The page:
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Older Ontarians prefer living at home to long-term care

Older Ontarians prefer living at home to long-term care

James Meloche says, ‘Why is the government ignoring this wish?’

You may know the riddle: if a tree falls in the forest and no one hears it, does it make a sound? It seems to be a predicament of the home and community services sector as of late. Despite all the evidence demonstrating our effectiveness — the testimony of clients and public recognition of our COVID-19 response — the government doesn’t seem to be hearing us, let alone showing up with the chequebook.

A recent research poll indicated that zero per cent of Ontarians 55 years and older currently living at home said they planned to live in a long-term-care home. Zero. When asked if they would prefer to live at home with additional supports as they got older, 91 per cent said yes and only two per cent said no. Ontarians want to live at home, accepting some of the burdens this may require. They are willing to take that responsibility to live where and how they wish. So why is the government ignoring this wish — or, more specifically, those community organizations whose goal is to help make this wish come true?

At Community Care Durham (CCD), we serve more than 240 assisted living clients living in their own homes rather than long-term care. Through a combination of our in-home and community supports, we assist people to remain at home for as little as $39 per day. Considering the average care expense in a long-term-care home ($201/day) or hospital ($730/day), this represents considerable savings. In fact, if our 240 assisted living clients were in long-term care, it would cost taxpayers an estimated $5.5 million more than our model.

The lack of publicly funded home and community care forces people to more costly, less safe institutional care sooner than they wish. Whether it’s the preventable deterioration of health and well-being or the financial burden due to supplementing formal and informal care — families are reaching breaking points. So have we.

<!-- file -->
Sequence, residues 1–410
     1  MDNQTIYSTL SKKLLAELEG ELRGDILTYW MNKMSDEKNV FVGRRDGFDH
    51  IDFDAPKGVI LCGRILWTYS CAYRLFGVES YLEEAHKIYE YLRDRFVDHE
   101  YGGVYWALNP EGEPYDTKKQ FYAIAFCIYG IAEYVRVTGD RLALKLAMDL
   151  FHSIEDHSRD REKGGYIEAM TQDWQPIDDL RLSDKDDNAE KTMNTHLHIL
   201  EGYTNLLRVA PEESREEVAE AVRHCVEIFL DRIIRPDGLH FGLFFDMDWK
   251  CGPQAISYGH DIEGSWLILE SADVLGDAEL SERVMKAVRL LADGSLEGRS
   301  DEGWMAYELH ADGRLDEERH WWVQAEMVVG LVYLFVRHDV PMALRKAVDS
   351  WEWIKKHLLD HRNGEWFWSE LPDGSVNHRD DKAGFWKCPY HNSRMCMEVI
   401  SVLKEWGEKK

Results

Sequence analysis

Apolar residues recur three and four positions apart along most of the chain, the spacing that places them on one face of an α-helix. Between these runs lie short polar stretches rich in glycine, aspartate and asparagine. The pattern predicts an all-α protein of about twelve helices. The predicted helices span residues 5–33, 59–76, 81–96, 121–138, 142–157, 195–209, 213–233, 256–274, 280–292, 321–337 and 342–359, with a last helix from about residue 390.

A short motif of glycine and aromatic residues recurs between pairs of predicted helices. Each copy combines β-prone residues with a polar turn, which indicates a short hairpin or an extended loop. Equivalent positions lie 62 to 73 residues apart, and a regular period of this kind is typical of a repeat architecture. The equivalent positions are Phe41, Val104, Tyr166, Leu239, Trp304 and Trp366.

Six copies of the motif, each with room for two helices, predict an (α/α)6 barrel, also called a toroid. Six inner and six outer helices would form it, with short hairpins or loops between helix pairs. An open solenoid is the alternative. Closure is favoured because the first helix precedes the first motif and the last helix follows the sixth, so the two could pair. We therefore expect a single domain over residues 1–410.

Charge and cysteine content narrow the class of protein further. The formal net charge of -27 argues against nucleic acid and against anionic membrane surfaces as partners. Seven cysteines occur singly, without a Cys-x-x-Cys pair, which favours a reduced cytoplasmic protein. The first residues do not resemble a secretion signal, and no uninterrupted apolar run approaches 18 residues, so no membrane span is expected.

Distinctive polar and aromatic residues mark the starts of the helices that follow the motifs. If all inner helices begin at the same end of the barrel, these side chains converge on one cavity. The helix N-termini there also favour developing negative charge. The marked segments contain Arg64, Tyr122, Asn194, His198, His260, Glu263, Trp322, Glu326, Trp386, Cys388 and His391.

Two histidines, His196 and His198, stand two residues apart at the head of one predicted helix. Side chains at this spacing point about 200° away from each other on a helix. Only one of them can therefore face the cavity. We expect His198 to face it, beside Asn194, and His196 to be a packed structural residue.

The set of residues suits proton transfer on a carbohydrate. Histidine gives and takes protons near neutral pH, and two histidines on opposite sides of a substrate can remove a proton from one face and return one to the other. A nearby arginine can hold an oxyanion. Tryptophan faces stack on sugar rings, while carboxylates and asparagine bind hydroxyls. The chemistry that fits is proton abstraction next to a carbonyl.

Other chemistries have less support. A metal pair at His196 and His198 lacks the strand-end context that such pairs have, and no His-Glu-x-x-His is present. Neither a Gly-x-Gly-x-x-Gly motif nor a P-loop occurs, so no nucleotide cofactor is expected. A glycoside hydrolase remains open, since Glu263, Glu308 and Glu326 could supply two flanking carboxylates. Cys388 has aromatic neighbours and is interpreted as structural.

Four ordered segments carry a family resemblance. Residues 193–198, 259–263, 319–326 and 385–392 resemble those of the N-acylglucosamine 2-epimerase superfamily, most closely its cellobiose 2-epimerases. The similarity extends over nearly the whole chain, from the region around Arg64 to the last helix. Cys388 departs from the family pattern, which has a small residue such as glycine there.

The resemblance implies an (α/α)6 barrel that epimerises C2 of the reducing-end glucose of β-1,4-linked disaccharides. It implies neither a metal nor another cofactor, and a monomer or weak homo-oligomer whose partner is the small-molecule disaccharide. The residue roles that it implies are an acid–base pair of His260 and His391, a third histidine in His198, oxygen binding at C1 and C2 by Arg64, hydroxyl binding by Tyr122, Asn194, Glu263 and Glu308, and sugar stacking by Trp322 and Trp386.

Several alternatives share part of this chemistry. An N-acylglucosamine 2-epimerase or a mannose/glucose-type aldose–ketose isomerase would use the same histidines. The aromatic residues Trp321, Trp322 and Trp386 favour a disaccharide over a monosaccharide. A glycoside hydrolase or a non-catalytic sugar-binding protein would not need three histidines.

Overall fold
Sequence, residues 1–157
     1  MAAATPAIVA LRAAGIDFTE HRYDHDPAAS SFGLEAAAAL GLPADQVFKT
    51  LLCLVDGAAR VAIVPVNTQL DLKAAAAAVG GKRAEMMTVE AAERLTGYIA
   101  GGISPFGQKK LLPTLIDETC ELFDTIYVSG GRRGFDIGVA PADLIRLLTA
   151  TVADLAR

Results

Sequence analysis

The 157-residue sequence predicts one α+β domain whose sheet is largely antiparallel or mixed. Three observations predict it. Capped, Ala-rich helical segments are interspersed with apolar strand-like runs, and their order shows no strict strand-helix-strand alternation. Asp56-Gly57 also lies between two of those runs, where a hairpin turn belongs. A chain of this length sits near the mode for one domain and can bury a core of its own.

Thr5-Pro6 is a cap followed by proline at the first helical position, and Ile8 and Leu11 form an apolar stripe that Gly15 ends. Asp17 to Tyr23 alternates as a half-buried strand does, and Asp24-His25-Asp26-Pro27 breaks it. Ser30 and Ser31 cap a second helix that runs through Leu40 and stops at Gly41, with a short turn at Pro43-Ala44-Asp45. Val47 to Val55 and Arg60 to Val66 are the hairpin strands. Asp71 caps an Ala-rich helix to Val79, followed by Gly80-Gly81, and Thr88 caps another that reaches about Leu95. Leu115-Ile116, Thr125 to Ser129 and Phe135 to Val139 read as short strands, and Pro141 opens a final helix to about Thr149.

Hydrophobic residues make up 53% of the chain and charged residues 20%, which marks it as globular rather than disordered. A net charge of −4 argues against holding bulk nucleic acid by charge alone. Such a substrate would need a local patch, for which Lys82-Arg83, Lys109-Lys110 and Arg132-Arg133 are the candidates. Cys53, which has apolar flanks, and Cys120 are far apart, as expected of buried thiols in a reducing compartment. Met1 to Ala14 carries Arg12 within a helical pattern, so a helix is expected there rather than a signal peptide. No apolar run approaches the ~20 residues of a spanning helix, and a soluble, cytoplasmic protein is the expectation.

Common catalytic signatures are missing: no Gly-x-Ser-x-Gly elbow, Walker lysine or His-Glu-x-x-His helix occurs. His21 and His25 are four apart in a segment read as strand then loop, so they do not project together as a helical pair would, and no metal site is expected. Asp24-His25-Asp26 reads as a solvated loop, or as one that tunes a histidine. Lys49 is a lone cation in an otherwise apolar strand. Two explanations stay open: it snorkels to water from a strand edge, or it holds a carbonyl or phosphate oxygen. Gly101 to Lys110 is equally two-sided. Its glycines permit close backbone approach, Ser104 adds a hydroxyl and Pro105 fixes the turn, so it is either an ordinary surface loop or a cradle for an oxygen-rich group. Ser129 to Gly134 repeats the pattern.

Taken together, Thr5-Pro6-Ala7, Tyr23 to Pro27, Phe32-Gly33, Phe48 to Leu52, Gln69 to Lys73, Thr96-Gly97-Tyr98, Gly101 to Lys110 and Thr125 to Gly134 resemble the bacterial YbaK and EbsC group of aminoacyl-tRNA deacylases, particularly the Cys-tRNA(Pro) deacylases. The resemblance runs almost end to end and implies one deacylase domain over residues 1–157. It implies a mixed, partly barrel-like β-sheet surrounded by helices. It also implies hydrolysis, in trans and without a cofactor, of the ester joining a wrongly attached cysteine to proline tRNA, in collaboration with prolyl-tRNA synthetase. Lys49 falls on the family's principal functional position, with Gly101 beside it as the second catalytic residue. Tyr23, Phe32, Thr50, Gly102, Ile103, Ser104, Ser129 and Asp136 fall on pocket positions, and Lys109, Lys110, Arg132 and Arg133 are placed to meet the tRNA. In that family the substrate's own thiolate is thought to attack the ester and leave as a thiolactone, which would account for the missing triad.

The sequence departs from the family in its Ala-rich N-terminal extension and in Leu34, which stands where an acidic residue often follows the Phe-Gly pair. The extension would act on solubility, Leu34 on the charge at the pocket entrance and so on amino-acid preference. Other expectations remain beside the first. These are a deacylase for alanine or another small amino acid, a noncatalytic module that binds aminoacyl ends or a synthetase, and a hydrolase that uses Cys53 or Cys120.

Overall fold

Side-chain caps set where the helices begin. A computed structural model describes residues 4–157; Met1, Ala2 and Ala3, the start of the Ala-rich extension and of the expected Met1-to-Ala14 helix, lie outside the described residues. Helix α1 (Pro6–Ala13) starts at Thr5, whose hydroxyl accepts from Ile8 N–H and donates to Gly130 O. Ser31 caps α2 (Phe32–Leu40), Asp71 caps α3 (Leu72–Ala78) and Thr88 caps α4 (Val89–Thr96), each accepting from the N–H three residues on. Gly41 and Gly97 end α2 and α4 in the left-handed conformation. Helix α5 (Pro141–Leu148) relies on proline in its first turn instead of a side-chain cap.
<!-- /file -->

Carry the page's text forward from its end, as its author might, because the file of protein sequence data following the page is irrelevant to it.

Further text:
To balance our budget this year, CCD needs to reduce our assisted living capacity by 16 per cent. Already we have 57 clients waiting for service. And our wait list continues to grow as the lack of basic inflationary funding adjustments means our capacity to deliver care is eroded every year, at a time when more people require it.

A lack of fair funding and inflationary adjustments is also driving out the home and community care workforce to higher-paid positions in hospitals and long-term care. Hospital personal support staff earn 20 per cent more than our support staff, while long-term-care staff earn nine per cent more. These front-line workers, often women and visible minorities who are already facing an equity challenge, deserve a modest cost-of-living adjustment. By not keeping pace with inflation, we are outpaced by hospitals and long-term care where care is more expensive, not necessarily better, could have been avoided and is not where people want to be.

We are not looking to compete or take dollars away from hospitals or long-term care. We know, however, there is an alternative to what is presently an unsustainable trend toward institutional care that serves neither the public nor the government well. A strategic investment in home and community care leverages and supports the efforts of caregivers, volunteers and communities to do what we can do best — support each other with dignity and independence at home. In-home and community care provides better health, client experience and workplace satisfaction — all at a lower cost.

It isn’t hard to understand. My fear is that, if unattended, the forest will be gone before we know it.

The Metroland Media Group first published this column on November 8, 2021.